Leaning on the more flamenco side of things is, "Llanto de Sal," which has wonderful moments of jazzy approaching chords and a wanderlust in its chord progression, and "Estirpe," a buleria featuring another wonderful cantaor, Guadiana.
Josele's experimentation with jazz would find him doing whole jazz albums, like "Paz" in 2007, which shows him working with a large portion of jazz pianist Bill Evans's repertoire.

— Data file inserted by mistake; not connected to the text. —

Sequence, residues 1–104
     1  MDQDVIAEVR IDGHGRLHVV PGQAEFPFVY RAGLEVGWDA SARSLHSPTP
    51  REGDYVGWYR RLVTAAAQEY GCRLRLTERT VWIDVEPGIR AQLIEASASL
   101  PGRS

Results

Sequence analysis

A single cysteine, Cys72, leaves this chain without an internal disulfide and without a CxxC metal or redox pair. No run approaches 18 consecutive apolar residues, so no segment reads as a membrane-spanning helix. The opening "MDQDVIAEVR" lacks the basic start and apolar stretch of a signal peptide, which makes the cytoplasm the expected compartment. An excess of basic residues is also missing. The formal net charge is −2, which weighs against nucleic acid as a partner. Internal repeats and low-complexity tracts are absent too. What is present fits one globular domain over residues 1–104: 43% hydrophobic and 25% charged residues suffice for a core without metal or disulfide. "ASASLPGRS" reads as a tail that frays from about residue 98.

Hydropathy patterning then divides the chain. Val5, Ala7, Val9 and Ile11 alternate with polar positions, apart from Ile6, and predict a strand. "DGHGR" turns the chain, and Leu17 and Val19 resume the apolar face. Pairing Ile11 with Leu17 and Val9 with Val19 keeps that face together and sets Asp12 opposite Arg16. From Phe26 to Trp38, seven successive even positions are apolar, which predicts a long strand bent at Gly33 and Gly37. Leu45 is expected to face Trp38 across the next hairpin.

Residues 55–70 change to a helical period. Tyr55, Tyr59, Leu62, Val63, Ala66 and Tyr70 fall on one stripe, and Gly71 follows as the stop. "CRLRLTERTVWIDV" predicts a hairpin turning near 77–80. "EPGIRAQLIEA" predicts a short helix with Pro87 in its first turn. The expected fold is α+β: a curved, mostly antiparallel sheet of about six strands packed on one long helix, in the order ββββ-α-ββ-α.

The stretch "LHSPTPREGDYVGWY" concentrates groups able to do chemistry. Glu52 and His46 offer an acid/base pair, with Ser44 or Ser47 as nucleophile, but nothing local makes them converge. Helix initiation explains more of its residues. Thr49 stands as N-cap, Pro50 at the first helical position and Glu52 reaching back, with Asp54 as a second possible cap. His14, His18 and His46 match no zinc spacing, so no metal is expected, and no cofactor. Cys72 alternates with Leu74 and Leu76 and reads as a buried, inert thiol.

Depending on which side of the fence you're on, the strength (or the fault) of Niño Josele's self-titled album may be that he worked so much out of the context of traditional flamenco. This may be received as a problem for someone wanting a traditional repertoire from a great player, but one has to consider: all the new ideas that players might later incorporate into their tradition in a more natural way need to come from somewhere. Certainly the success of Paco de Lucia's work "Cositas Buenas" with Javier Limon is an indication that audiences loved the new approach in the traditional context. Perhaps then we should appreciate what the musical explorer does in their journey, and enjoy watching them along the way, rather that cling to our own expectations of what they should be. Besides, ...if seems too unapproachable, ...there's always Ottmar Liebert.